Wednesday, May 31, 2006

Usambara Mountains, a Northern Circuit Safari and Moshi, Tanzania . . . "Mzungu. Mzungu"

We are now in Moshi, a town at the base of Mount Kilimanjaro. When the sky is clear the mountain looms in the background, challenging Phil and frightening me. It looks big. It also looks somewhat out of place when you are viewing its snow capped peaks from the sweltering heat of Moshi.

For the last few months we have been considering the possibility of perhaps (weather, finances and health permitting) making an attempt to climb Kilimanjaro or ‘Kili’ as it is affectionately called in these parts.

Some people – wise people – train for a considerable period before attempting to climb 5,896 metres into very thin air. We have been sitting on buses and lazing around on beaches since climbing Sapitwa (‘Don’t Go There’) Peak in Malawi in March. Before that there were more buses and beaches. We have managed to avoid mirrors and scales for several months, but before we faced Kili we had to face the fact that we were out of shape. We had a few options:

(a) attempt the climb relying upon our ‘natural fitness’;
(b) try and improve our fitness; or
(c) do not attempt the climb.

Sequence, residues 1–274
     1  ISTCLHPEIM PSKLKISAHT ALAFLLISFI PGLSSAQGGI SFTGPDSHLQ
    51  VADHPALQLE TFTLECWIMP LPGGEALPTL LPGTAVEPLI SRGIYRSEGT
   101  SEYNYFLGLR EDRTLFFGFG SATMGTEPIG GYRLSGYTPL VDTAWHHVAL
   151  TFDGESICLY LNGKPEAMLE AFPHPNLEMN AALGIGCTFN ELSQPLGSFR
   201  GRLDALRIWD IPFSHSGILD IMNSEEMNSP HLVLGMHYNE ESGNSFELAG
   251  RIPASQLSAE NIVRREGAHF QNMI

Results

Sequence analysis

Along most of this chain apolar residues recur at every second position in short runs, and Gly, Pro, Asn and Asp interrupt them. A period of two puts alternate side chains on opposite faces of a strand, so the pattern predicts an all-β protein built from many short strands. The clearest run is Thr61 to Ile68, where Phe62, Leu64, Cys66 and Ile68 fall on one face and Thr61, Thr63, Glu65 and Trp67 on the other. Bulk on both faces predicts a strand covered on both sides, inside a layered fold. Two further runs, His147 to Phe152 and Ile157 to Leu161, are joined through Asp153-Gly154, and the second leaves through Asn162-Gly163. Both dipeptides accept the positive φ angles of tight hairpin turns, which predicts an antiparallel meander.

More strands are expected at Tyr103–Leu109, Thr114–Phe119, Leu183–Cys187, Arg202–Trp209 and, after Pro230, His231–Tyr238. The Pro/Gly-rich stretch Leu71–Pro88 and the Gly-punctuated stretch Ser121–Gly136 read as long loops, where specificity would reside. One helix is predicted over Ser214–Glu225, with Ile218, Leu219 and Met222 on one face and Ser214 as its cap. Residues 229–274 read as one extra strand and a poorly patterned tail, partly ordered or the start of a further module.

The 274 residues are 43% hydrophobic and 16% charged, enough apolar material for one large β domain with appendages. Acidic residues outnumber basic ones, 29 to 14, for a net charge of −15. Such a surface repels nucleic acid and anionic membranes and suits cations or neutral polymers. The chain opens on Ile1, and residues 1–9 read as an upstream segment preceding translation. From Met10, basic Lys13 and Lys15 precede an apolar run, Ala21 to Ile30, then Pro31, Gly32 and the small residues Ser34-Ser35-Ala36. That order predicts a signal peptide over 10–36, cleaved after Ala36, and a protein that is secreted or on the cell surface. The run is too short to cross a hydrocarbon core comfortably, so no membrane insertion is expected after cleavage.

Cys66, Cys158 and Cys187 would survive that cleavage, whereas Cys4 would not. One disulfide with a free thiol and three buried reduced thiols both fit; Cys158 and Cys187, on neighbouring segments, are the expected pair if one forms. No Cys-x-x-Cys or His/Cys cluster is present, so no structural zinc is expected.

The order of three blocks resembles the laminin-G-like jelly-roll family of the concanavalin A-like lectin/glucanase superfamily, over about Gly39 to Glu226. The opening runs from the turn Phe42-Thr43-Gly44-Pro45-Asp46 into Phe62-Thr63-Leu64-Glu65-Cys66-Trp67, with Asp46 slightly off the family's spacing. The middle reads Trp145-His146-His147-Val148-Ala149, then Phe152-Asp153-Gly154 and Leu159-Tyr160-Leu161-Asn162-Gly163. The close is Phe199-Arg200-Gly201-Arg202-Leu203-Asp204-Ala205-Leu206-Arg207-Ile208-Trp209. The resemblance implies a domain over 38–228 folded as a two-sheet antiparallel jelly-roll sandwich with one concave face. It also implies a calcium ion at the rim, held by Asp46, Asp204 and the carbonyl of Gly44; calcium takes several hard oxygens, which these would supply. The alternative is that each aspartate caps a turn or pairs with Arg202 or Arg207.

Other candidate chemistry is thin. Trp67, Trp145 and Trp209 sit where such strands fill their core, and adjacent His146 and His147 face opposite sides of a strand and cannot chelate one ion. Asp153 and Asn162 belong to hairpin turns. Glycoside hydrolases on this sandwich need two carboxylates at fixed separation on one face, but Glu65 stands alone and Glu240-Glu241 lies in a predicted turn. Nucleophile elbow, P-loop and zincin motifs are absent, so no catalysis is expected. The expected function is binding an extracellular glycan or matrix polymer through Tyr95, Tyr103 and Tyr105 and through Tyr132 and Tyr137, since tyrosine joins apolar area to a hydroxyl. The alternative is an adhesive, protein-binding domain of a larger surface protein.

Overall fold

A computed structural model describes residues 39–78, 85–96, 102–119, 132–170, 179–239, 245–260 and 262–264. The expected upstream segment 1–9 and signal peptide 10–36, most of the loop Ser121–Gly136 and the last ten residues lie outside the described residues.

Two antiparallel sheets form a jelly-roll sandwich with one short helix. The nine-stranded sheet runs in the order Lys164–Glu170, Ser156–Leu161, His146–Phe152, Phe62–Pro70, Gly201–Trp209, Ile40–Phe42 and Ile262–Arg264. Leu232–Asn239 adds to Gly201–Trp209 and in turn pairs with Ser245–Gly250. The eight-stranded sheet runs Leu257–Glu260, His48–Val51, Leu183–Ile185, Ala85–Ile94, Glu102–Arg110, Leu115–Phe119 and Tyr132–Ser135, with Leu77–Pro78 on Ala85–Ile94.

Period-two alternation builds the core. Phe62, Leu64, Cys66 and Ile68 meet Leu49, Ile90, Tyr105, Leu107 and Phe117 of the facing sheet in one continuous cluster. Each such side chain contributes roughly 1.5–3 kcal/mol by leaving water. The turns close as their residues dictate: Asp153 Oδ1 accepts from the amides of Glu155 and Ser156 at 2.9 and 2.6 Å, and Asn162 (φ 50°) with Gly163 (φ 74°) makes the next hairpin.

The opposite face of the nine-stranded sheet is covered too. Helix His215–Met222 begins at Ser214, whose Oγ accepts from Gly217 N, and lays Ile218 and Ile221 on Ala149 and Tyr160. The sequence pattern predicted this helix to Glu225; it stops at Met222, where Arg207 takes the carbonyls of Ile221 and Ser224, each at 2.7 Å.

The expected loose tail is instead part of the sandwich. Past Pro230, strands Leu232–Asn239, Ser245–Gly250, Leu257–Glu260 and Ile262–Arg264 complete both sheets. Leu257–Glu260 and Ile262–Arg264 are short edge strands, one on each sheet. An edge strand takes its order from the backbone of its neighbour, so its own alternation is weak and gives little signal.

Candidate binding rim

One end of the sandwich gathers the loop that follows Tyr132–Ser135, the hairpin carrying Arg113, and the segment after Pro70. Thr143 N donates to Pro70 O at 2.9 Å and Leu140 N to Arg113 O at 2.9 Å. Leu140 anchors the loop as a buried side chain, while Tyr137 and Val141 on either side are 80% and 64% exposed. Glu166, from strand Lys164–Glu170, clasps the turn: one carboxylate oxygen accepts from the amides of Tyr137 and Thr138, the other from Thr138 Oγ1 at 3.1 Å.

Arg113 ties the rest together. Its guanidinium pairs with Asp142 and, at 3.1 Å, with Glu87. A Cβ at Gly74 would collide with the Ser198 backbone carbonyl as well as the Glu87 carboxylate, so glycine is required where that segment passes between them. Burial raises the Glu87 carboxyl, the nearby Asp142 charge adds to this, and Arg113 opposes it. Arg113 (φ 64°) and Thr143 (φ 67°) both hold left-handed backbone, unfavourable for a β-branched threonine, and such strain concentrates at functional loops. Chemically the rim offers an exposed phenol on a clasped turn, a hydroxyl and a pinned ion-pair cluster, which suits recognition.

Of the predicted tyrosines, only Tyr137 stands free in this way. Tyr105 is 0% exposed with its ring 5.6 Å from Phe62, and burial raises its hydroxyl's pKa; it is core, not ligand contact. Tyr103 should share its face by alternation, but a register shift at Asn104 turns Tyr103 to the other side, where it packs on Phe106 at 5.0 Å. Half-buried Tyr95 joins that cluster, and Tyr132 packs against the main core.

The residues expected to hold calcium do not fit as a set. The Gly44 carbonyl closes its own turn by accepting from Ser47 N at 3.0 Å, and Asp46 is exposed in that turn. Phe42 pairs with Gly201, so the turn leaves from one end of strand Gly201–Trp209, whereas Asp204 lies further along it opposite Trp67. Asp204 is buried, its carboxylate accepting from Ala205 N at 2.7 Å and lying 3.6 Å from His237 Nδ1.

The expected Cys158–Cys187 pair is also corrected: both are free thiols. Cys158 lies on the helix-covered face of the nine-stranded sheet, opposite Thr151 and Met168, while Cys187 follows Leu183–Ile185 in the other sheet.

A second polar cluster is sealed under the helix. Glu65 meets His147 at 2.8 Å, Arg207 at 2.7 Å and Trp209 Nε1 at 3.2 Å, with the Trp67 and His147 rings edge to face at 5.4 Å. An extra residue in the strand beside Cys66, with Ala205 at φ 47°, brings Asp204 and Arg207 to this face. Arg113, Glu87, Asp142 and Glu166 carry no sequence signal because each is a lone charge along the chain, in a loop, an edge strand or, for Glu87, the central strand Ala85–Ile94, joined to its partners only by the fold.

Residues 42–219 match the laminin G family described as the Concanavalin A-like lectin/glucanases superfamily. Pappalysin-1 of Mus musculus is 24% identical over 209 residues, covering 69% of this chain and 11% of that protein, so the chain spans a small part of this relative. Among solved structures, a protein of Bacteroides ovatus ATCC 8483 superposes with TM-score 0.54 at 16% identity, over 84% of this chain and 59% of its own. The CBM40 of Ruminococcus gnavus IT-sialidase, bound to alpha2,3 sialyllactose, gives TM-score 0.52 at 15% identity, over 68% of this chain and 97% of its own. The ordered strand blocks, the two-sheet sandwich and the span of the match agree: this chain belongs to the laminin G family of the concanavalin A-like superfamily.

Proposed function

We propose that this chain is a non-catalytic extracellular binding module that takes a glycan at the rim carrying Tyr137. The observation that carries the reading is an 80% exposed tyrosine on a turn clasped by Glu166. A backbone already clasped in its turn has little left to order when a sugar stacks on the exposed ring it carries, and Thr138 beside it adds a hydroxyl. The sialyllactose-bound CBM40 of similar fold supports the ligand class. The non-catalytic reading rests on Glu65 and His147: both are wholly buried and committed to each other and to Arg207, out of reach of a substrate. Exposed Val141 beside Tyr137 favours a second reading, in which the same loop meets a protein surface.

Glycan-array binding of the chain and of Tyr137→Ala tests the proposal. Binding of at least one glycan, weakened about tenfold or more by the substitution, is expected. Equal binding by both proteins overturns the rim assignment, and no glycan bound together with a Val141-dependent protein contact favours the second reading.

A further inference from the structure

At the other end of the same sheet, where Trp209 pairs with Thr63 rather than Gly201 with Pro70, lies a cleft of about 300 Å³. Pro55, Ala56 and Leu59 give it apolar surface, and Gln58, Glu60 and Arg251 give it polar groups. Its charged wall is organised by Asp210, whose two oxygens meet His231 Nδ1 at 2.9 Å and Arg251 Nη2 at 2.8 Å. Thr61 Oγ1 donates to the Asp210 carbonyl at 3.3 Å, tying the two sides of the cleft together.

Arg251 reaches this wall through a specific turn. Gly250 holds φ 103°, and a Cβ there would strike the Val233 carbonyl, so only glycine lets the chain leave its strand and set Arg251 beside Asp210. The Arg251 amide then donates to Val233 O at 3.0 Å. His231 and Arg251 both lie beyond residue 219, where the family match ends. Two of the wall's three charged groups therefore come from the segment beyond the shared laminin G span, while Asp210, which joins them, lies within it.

We decided on (b) and after leaving Dar we spent five days hiking in the Usambara Mountains in the north of Tanzania. The highest peak is about half the height of Kili but at least we managed to get a lot of walking done. The area is beautiful and we spent days walking along winding paths through the small villages scattered all over the mountains. We went to Usambara for the walking but enjoyed it because of the locals. The people were very friendly and welcoming -aside from a few toddlers who screamed in terror when they saw Phil. Of course there were the older kids who followed us with the constant chant “Mzungu. Mzungu” (white person/ foreigner) ignoring my usual objections, but despite that we loved the village experience.

Another highlight was wine. We were deliriously happy to learn that the Usambara Mountains contained not one but two wine producing farms. The first we visited was a mission farm run by nuns who produced wine, cheese, jam and honey. Unfortunately, our expectations were not met. The nuns, in all their wisdom, had decided to use their acres to produce wine from bananas. Banana wine is not great. Think St Tropez wine cooler with a banana twist.

With substantially diminished expectations we visited the second farm, this one run by priests. Although I hate to admit it, the men had done a better job. They produced very drinkable red and white wine (from grapes- imagine that) for about ₤1.50 a bottle. Unable to rid himself of his hording instinct where wine is concerned, Phil picked up two bottles despite the fact that we had a very long walk back to Maweni farm, where we were staying.

This long walk was made longer by my insistence that we avoid the small bushfire we saw on the way to the priests’ farm, in favour of a longer route that would avoid any possibility of death by fire. Luckily, or so we thought at the time, about an hour or so into our walk a local Catholic priest offered to take us all the way back to Maweni farm after stopping for a quick drink at his place on the way.